“I was introduced to David Neilson in his pinny dressed as Roy, and Simon Gregson [Steve McDonald] and that was a bit like: ‘Whoa! This is so weird.’ It was an emotional moment, but one I was only able to reflect on afterwards because at the time it was pure shock. When I was about 10, I had a crush on Simon Gregson. He was a dreamboat – those blue eyes!”
Corrie is Julia’s first break in television, after she left drama school six years ago and based herself in theatre. Her college tutor suggested she apply to drama school (“I was just a working-class kid from north Manchester, I didn’t even know what drama school was!”) and she eventually won a place at the prestigious Royal Academy of Dramatic Art (RADA) which she describes as “the other best day of my life”.
Mark Hayman Julia wears jacket, Topshop; dress, Miss Selfridge; jewellery, Julia’s own
An only child, she didn’t grow up in an acting family – mum Lorna, 58, is a town planner and dad Ian, 61, is a teacher in a prison – but a childhood visit to the Corrie set on the old Granada Studios Tour planted the seed.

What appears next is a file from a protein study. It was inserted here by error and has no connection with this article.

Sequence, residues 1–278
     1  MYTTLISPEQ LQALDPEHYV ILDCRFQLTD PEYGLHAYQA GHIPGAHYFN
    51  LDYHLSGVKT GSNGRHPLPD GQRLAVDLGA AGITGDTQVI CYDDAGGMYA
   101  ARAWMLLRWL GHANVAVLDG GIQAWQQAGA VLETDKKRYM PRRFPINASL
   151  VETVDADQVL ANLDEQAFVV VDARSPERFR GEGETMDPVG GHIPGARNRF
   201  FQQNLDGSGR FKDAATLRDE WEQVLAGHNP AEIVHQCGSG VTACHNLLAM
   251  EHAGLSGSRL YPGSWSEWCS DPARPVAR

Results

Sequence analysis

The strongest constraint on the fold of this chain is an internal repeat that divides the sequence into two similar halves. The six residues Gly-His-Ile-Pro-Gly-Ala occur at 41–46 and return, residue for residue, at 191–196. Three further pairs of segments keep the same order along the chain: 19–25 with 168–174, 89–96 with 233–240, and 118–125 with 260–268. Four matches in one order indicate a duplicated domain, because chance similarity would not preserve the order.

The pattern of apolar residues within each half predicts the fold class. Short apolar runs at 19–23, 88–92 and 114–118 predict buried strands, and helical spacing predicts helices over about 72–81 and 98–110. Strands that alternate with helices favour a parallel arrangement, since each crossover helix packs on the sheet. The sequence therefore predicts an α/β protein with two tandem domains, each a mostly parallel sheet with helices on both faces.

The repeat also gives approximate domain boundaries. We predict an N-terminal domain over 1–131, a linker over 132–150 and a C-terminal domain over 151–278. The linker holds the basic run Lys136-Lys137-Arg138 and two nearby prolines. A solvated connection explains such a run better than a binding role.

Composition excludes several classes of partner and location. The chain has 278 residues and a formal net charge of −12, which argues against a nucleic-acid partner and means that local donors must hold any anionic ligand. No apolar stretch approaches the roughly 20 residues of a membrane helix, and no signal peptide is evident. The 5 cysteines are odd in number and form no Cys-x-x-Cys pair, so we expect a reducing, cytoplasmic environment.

“I remember telling my mum after that trip that I wanted to be an actor. I always loved dressing up and the make-believe world, and although my parents aren’t showbiz, they are both characters in their own right. My mum is bonkers but that’s one of the reasons I love her!”
Julia with her mum, Lorna, at a Pride parade Instagram/Julia Goulding Julia shares a strong connection with her mum
Julia is particularly close to her mum, who is gay and joined her daughter on the Corrie float at this year’s Manchester Pride.
“I’ve always known, just as other people have known their parents are straight. It’s the same kind of thing,” says Julia. “But I didn’t tell people in school because I was very aware of prejudice and it was just easier not to. She didn’t come out [publicly] until I was 13 anyway.
“I got to a point in life where I’d grown up a bit, I was at college in the gay village and it felt like a safe environment, and I thought: ‘You know what, if anyone has a problem with it they can just go to hell. I don’t care.’
Coronation Street’s David Platt tries to kiss Kylie’s killer’s mum Shona Ramsey
“And the world has changed massively as I’ve grown up. Language has changed. Obviously there’s still a long way to go, but it’s moving in the right direction and that’s what’s important, and long may it continue.”